incubators and acceleratorsTip of the Day with George Deeb: How to Pitch to Investors 
Atlanta is the country's best-kept secret for tech startups, due largely in part to its abundance of co-working spaces like incubators and accelerators. Organizations like Atlanta Tech VillageTechSquare Labs, and ATDC Georgia Tech focus all of their energy on supporting entrepreneurs who want to achieve success, in a community that promotes faster connections between talent, ideas, and capital. Watch Now


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Chamber forms alliance with SBA - Daily Journal Online

Posted: 26 Feb 2019 04:00 AM PST

The Small Business Administration announced plans to form a Strategic Alliance with the Farmington Regional Chamber at last week's Business and Community luncheon.

In her introduction of Maureen Brinkley, district director with the Small Business Administration, Candy Zarcone, director of Member Engagement and Business Development for the Farmington Regional Chamber, said she had bonded with the long-time SBA employee after having made several contacts with her.

"Maureen Brinkley has been with the U.S. Small Business Administration since the beginning of her career and was appointed district director for the St. Louis office in January 2016," Zarcone said. "In this capacity she is responsible for delivering SBA programs and services to the 54 counties that comprise the eastern half of Missouri and oversees daily operations of the local SBA office in St. Louis, Missouri."

Brinkley's story is indeed amazing. Having started with SBA as an administrative clerk 52 years ago, she worked her way to the top position by learning the skills for and serving in every position in the district office, including loan service officer, economic development specialist and business development specialist.

Recognized throughout the agency as a subject matter-expert on the 8(a) Business Development Program, she was the lead on a team that re-wrote the Standard Operating Procedures that govern its execution and was instrumental in bringing World Wide Technology into the 8(a) program back in 1992. Today that company is the largest African American-owned firm in the United States and earned $10.4 billion in revenue in 2017.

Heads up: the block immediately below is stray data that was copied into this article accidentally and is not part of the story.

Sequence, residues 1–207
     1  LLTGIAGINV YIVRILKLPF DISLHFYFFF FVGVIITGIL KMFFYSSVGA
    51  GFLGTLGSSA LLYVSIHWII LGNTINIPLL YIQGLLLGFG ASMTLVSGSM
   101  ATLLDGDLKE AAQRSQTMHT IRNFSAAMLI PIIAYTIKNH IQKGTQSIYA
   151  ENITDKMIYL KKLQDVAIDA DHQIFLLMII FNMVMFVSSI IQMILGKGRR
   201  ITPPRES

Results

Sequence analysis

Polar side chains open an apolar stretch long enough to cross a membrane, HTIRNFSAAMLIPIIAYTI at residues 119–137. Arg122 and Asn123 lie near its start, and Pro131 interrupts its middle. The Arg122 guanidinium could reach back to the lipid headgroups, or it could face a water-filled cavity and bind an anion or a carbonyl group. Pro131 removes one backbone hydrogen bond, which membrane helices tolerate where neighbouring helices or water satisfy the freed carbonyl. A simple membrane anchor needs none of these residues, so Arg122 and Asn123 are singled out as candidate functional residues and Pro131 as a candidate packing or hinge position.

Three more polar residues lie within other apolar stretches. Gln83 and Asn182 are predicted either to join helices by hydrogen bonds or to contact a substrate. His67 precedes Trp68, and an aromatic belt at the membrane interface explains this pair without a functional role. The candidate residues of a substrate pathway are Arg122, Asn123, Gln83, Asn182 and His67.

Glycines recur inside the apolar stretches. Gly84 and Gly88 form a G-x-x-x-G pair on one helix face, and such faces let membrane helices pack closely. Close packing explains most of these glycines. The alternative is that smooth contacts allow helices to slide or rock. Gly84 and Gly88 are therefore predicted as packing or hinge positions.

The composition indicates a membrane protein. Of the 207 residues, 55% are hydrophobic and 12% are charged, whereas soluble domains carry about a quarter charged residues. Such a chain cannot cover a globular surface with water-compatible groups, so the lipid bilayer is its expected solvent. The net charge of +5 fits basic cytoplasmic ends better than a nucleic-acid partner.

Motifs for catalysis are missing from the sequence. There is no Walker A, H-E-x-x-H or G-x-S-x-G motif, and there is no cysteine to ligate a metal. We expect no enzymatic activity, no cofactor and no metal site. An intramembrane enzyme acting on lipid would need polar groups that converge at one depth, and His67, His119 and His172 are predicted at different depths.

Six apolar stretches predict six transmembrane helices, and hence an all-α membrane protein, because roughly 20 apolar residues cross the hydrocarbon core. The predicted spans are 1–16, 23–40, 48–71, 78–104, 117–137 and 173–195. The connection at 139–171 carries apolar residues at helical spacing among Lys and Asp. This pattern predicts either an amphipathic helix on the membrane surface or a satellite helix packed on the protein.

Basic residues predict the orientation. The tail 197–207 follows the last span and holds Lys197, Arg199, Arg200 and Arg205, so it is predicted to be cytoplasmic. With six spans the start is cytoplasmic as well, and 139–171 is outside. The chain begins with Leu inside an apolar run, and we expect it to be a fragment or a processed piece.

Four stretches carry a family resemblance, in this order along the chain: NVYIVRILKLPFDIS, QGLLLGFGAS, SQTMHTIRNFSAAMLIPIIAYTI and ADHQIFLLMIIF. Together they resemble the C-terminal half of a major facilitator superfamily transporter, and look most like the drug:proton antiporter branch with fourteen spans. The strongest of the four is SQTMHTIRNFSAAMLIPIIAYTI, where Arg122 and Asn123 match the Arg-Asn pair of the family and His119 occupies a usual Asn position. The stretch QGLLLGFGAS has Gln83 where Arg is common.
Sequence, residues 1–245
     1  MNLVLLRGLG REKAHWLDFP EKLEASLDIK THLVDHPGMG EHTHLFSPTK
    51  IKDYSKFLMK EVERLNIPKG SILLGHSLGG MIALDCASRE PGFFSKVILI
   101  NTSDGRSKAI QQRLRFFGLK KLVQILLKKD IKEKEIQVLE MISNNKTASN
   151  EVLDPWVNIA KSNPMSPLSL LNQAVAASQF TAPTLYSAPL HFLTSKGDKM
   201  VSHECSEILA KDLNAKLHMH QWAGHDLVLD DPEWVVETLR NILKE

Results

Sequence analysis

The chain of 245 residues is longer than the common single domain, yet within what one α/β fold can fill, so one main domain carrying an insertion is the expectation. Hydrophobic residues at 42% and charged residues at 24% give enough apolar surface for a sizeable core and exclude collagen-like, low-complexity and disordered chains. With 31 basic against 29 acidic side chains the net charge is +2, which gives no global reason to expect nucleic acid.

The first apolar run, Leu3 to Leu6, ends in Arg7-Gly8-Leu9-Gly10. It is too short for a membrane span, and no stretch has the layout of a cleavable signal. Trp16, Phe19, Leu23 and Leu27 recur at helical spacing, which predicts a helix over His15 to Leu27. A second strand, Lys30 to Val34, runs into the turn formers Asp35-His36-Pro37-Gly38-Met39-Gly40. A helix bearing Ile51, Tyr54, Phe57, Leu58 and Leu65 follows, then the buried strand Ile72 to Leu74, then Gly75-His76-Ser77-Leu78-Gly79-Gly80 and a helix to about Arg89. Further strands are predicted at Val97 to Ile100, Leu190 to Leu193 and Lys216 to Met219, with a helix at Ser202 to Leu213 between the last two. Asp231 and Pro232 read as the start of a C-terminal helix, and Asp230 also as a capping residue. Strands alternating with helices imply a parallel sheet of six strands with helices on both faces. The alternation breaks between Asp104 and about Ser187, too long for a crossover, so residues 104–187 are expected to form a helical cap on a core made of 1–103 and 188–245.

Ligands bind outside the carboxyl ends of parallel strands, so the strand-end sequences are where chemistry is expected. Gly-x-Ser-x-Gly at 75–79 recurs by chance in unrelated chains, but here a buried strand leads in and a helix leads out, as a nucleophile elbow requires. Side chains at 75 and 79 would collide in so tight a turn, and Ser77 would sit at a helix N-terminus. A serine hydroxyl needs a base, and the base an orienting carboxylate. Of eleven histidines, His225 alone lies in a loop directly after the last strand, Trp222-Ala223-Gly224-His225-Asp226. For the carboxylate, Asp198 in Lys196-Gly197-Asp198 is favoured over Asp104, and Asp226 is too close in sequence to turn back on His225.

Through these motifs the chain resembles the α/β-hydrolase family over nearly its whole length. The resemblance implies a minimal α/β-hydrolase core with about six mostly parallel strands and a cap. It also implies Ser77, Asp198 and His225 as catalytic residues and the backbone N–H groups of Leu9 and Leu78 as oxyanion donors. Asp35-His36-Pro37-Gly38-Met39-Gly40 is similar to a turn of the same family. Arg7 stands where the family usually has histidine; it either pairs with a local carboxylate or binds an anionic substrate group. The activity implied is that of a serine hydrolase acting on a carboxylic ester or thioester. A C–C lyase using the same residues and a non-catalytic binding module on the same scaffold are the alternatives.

"A true champion and advocate for small businesses, Maureen launched and led the largest SBA One Stop Capital Shop in the nation, and presided over a Welfare-to-Work Initiative that helped hundreds of women in poverty stricken communities throughout St. Louis realize their independence through small business ownership," Zarcone said. "Through her service on numerous special details for SBA headquarters, she initiated projects that expanded the use of SBA programs across the 48 contiguous states and Alaska, and developed innovative marketing approaches that reached historically underserved communities.

"Maureen is a graduate of the Excellence in Government Fellows Leadership Program and the recipient of the very first SBA Administrator's Award. Most recently, Maureen was awarded the 2017 Mayor's Award by St. Louis City Mayor Lyda Krewson, who honored her for her many years of dedication to helping St. Louis small businesses start and grow. She is the proud mother of two sons and grandmother to Zoe, 'the light of her life.'"

In making her announcement to the chamber, Brinkley said this will be the first rural Strategic Alliance in the state of Missouri, and possibly the first in the entire United States.

"Having the Strategic Alliance in place means we will bring SBA workshops, confidential business counseling and business mentoring to the region with the help of the Farmington Regional Chamber." Brinkley said. "We will have an ongoing monthly SBA presence here in the community.

"We need feedback from the Farmington business community to tell us what you need. We can have a class for anything you need. We can invite individuals in — former business owners, universities, whatever — to come in and provide that training to you. We're going to be down here so much that you're going to say, 'Why doesn't that lady go back home to St. Louis?' But that's not the goal.

"We want to do what we can to help. I'm often asked, 'If you know so much about running a business, why don't you have your own?' The answer is very simple. I have no desire to work 24/7, but I want a paycheck every week — but I congratulate you for the work you do and I wish I had that same motivation."

Zarcone expressed excitement at the opportunities she believes will be made possible by the chamber's alliance with the SBA.

"With the majority of our local businesses being classified as small businesses, we believe these added resources will be a tremendous asset to our region," she said. "This strategic alliance aligns with the mission of the Farmington Regional Chamber to assist in business growth, economic improvement and community development so, this is a natural fit. We are honored to have been chosen for this opportunity and look forward to partnering with the SBA as we work together for a stronger business community."

The U.S. Small Business Administration was created in 1953 as an independent agency of the federal government to aid, counsel, assist and protect the interests of small business.